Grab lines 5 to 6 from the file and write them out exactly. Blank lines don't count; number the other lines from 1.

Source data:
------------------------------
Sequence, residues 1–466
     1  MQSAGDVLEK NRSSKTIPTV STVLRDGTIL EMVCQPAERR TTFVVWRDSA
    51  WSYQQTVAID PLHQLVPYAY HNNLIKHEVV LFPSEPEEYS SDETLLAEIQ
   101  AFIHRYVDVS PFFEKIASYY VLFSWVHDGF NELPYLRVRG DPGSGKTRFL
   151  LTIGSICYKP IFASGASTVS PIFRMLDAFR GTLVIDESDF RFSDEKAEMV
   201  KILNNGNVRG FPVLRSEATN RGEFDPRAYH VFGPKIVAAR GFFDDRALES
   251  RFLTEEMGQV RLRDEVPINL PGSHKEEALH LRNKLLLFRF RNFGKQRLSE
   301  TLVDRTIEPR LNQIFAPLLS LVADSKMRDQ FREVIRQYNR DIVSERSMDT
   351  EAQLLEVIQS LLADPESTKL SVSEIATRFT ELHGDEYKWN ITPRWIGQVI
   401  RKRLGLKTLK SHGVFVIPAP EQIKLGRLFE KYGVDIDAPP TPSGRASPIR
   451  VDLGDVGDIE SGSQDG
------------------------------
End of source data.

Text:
   151  LTIGSICYKP IFASGASTVS PIFRMLDAFR GTLVIDESDF RFSDEKAEMV
   201  KILNNGNVRG FPVLRSEATN RGEFDPRAYH VFGPKIVAAR GFFDDRALES